Over my 25+ years of working with small business owners, I have seen a lot of successes, failures and everything in between.
Starting and running a small business today is not for the faint of heart, but it can be one of the most rewarding endeavors you will ever take on in your business life.
Here are some basic facts you should consider when asking yourself “Am I crazy to start a small business now?”:
Small businesses comprise:
• 99.9% of all firms
• 99.7% of firms with paid employees
• 97.4% of exporters (280,496) • 46.8% of private sector employees (61 million)
• 43.5% of gross domestic product • 39.7% of private sector payroll
• 35.6% of private sector receipts ($13.3 trillion)
• 31.6% of known export value ($460 billion)
Source: SUSB, NES, ITA, SBGDP
The 2016-2018 two-year survival rate for young employer establishments (2-3-year-old firms surviving to at least 4-5 years old) was 71 percent.
Now that you see these statistics, I hope you have come to the conclusion that you are NOT CRAZY to think about starting a small business, especially now after recent world events.
What IS crazy is not creating and completing a thorough business plan to ensure that your business has ANY chance of success. Included within that business plan is a marketing plan which is a key element of whether your business will survive and grow or not.
Given the number of new online businesses being formed during the pandemic, it is critical that you first answer the following three marketing questions:
1.Who is my target Audience for my products / services?
2.Who are my competitors and why should potential customers choose my business over theirs?
3. How should I package / price my products /services?
After working with hundreds of small businesses, I will say that the answer I get most to the first question is “I want to sell to everybody in the country / world”. This is not a practical response for many reasons, the most important being that no small business could afford to strategically market their products/services to everyone, which is why the first question is probably the most important to understand, and the one that so many small business owners get wrong from the onset.
Depending upon what you sell, your target audience might be niche or broader. For example, if you were a t-shirt vendor your target audience would be broad, since men, women and children all wear t-shirts. On the other hand, perhaps you specifically sell “Justin Bieber” t-shirts. Then, your target audience would be more niche – teen girls between the ages of 12-18 who have expressed an interest in his music.
This is why it is so important to define and understand your target audience in order to determine what messaging will resonate with them and what marketing channels to use to reach them.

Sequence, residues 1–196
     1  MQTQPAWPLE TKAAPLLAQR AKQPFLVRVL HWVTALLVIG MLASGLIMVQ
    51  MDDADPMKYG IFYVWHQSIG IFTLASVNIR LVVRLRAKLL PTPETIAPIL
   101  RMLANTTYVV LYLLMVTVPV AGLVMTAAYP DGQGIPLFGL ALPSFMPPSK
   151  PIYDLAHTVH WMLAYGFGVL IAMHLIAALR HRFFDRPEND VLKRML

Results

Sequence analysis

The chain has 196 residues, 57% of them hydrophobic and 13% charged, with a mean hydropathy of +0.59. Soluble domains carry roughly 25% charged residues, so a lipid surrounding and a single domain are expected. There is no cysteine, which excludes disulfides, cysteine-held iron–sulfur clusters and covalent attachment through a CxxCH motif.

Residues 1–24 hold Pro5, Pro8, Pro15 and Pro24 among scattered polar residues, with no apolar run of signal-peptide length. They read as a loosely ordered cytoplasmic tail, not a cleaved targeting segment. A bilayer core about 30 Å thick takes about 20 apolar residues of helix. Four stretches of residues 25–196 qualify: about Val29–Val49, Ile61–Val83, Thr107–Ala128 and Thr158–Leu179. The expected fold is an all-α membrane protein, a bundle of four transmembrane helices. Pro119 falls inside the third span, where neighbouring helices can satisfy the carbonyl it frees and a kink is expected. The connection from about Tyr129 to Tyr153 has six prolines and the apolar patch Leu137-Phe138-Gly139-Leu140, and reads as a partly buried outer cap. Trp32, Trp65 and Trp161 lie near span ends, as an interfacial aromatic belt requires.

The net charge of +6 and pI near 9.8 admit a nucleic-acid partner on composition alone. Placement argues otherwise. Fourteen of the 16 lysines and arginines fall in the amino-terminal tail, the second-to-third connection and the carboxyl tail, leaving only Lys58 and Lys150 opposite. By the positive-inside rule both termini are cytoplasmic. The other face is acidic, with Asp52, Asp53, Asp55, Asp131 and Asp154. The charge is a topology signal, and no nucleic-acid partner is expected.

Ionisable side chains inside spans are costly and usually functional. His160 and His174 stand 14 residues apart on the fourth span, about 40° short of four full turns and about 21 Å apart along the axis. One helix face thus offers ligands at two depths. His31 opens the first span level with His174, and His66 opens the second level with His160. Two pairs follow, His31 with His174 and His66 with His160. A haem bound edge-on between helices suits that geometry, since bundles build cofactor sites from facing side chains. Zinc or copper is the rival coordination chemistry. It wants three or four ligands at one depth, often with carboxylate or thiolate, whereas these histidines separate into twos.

Answer these few questions to help you narrow down your target audience:
- Who would benefit from your offerings?
- Who engages with me on social media?
- Who is my competition targeting?
Knowing who your competitors are and what they offer can help differentiate your products, services and marketing efforts from theirs. Ask yourself “what is different or unique about my offerings?” Doing so will enable you to set your prices competitively and help you clarify your marketing messages to your target audience.
You can use the following resources to determine your local competitors:
- Internet searches for similar products or services in the areas you sell your products/services
- Local business directories
- Customer feedback
- Local trade fairs
- Printed and online marketing materials and advertisements
The key here is to learn as much as you can about your competitors. Look for articles or ads in the local or mainstream publications. Go to their website and their Google Business page. If they are an online business, sign up for their email lists to keep aware of pricing and promotions that may affect your sales and services. Regarding their website, review the site to see if you could improve on it for your own website.
This is a very complex topic to cover and there are no simple answers. It depends on a variety of factors as well your offerings. Many small business owners use cost-plus pricing as it is one of the simplest pricing methods. You simply calculate the cost of producing/offering the product or service and then add on a percentage (profit) to that price to arrive at the selling price. This gives a small business owner a way to calculate how much profit you will make.
Product bundling is a marketing strategy that involves offering several products for sale as one combined product. Packaging your product for the consumer is an area of marketing that is as important as pricing your product as it can help differentiate your offerings from your competitors.
Another pricing strategy used by small businesses is competitive-based pricing. This is when a business sets a price for its goods based on what competitors are selling a similar product for.
One advantage of competitive-based pricing is that it avoids price competition but at the same time, you will need to attract customers in other ways, since the price will not grab the customer’s interest. This selling price may also barely cover your costs which limits profits.
In summary, there are many strategies and methods for starting a small business in today’s business climate, and not having answers to the above three basic marketing questions will hamper your success.
Spend the time and effort to research these questions before you make the decision to move forward with your new venture and consult with others whose experience and backgrounds can make your decision easier and clearer.